Austin J Dermatolog. 2016; 3(5): 1063.
Mariasy, Campanelli and Sauder DN*
Yardley Dermatology Associates, USA
*Corresponding author: Sauder DN, Yardley Dermatology Associates, 903 Floral Vale Blvd, Yardley, PA, 19067, USA
Received: October 12, 2016; Accepted: November 23, 2016; Published: November 25, 2016
Pityriasis Rubra Pilaris (PRP) is a rare inflammatory disease of unknown etiology associated with follicular hyperkeratosis, scaly erythematous plaques, palmoplantar keratoderma and generalized erythroderma . Treatment of PRP is difficult as there is no standard protocol. Traditional treatments used have included oral retinoids, methotrexate, TNF-a inhibitors and corticosteroids. After failing the above therapies, we then attempted to control this particular case with the oral phosphodiesterase-4 inhibitor (PDE4) Otezla without success. We report of a case of remission of Pityriasis Rubra Pilaris with the administration of the newly marketed interleukin-17A antagonist Secukinumab (Cosentyx, Novartis). These findings suggest a possible correlation between interleukin- 17a and this particular papulosquamous eruption.
Keywords: Pityriasis rubra pilaris; Erythroderma; Cytokines
PRP: Pityriasis Rubra Pilaris; IL-17A: Interleukin 17A; Nb-UVB: Narrowband Ultraviolet B; MTX: Methotrexate
Pityriasis Rubra Pilaris (PRP) is a rare skin disorder which can affect both adults and children. While current research is suggesting a genetic component in familial PRP with the mutation of CARD14 , acute adult onset PRP in patients over the age of fifty is the more common presentation of the disease. Treatment for PRP can prove difficult, and common first line therapies include oral retinoids, methotrexate, TNF-a inhibitors and UVB narrowband therapy . More recently, cases have been reported achieving remission with non-traditional therapeutic methods such as the Phosphodiesterase 4 (PDE4) Inhibitor, apremilast (Otezla; Celgene) , though it yielded no improvement for our patient. We report our findings of remission with secukinumab to potentially suggest a connection amongst IL- 17A and the pathophysiological mechanism of PRP.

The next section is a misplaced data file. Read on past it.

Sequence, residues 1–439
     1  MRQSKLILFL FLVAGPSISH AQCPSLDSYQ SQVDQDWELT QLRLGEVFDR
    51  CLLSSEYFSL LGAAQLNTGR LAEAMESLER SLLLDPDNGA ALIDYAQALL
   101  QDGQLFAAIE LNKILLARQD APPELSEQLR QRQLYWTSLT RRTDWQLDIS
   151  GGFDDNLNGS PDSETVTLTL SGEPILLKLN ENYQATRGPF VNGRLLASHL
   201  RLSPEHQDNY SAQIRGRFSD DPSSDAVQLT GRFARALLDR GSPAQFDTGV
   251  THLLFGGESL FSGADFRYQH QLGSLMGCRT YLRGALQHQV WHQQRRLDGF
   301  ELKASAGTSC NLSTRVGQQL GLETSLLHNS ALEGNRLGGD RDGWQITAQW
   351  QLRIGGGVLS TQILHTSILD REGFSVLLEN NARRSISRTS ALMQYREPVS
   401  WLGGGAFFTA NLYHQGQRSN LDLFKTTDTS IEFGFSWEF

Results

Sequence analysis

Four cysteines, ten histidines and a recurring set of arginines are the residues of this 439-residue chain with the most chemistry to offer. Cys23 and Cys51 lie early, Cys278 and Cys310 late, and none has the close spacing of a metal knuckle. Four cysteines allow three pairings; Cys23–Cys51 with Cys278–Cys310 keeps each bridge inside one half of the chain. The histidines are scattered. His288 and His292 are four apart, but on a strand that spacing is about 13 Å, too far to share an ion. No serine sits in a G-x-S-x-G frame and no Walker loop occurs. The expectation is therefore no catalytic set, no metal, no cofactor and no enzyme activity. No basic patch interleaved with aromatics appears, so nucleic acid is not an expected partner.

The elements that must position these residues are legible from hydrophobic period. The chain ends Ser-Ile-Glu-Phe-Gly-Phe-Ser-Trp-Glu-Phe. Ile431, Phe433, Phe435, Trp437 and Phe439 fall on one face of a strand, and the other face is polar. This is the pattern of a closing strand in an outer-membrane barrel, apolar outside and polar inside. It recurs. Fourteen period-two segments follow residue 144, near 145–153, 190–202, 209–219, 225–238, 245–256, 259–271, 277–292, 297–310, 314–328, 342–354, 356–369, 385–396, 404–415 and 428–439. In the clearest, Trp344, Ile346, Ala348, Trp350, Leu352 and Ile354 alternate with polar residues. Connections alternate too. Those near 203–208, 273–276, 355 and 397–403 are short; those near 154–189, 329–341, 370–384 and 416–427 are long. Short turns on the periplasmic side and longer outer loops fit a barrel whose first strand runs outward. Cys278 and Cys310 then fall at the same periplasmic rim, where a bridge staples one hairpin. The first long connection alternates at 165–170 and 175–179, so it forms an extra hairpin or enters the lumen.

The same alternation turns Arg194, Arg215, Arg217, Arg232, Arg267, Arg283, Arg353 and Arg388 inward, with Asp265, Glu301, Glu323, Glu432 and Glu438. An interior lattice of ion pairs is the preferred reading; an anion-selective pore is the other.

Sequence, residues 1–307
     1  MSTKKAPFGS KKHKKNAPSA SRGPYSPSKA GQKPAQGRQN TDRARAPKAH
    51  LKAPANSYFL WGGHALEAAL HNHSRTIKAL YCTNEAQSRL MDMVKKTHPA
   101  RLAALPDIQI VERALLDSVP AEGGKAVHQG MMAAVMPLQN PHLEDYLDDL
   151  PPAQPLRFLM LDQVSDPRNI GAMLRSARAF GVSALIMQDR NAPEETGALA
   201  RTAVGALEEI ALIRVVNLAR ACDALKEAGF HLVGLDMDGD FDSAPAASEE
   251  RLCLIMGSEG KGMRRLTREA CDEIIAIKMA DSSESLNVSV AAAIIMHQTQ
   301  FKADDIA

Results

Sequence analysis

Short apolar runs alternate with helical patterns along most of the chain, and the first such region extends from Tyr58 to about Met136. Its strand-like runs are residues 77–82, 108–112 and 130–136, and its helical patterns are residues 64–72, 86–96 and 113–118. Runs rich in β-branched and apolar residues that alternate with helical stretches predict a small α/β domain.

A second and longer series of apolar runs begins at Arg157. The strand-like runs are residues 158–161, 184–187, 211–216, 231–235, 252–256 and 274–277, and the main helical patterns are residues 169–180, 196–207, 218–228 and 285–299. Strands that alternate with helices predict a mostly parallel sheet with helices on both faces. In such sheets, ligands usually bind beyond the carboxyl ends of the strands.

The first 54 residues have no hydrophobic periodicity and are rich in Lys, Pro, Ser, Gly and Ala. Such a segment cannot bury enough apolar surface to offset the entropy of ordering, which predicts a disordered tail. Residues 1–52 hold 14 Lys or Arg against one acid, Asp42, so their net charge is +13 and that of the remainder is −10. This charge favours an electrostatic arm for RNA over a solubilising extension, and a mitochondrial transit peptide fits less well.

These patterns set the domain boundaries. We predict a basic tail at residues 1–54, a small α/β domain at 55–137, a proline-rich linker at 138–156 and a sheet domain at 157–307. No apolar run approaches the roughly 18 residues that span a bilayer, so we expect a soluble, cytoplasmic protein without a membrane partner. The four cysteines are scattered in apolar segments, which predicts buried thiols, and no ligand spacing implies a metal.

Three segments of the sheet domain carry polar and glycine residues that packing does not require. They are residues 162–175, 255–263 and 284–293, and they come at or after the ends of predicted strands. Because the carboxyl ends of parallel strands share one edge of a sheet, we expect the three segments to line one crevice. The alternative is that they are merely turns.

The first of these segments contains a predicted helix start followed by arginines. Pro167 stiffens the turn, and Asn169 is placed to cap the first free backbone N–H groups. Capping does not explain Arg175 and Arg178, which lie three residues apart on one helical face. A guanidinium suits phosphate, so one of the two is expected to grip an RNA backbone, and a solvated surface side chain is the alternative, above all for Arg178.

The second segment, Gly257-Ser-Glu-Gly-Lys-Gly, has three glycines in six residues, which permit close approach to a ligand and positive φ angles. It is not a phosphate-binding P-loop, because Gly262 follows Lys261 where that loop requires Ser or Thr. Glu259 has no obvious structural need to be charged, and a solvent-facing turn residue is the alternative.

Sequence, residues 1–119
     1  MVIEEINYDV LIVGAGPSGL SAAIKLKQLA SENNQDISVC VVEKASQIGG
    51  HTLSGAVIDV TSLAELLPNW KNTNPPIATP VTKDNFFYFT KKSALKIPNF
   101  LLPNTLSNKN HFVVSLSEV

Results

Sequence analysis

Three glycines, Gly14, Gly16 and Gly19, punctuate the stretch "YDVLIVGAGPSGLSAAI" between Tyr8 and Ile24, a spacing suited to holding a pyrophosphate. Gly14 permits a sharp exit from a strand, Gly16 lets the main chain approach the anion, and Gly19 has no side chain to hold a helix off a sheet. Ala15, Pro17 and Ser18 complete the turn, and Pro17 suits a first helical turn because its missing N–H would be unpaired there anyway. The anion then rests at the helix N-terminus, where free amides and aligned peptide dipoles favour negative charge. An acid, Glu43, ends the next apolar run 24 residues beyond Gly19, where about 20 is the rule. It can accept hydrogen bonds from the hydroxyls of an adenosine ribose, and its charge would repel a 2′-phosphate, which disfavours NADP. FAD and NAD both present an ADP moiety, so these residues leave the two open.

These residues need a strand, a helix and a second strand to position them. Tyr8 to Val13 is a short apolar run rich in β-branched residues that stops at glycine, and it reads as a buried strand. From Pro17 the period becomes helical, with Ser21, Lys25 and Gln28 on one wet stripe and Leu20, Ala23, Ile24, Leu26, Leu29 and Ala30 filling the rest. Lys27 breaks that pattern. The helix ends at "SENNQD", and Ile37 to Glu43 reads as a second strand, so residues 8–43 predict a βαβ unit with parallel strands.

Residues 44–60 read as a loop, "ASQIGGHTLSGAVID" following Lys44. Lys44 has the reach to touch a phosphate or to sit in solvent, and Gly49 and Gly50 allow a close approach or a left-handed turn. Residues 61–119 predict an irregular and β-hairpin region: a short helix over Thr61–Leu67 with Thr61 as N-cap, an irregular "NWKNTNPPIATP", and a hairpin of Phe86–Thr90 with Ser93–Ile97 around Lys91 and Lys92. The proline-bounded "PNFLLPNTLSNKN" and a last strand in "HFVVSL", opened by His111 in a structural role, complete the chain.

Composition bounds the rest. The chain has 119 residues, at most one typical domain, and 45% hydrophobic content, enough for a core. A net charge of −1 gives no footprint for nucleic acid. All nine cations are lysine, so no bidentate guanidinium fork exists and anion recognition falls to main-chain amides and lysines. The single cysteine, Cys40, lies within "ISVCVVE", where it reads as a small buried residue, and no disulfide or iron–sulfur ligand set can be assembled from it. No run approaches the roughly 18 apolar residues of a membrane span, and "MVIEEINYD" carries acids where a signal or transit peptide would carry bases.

A 68-year-old white male presented in office complaining of an itchy rash that had been present for several weeks. Clinically, he presented with erythematous scaling with patches on the neck, forehead and torso. Our initial clinical differential diagnosis included pityriasis lichenoides chronica, pityriasis rosea and nummular eczema. The pathology report was non diagnostic but suggestive of spongiotic dermatitis. Several weeks later, the rash progressed to grouped follicular keratotic papules with extensive erythema and marked palmarplantar hyperkeratosis. Additional punch biopsies were performed. The pathology showed regular acanthosis and psoriasiform hyperplasia and orthokeratosis consistent with PRP.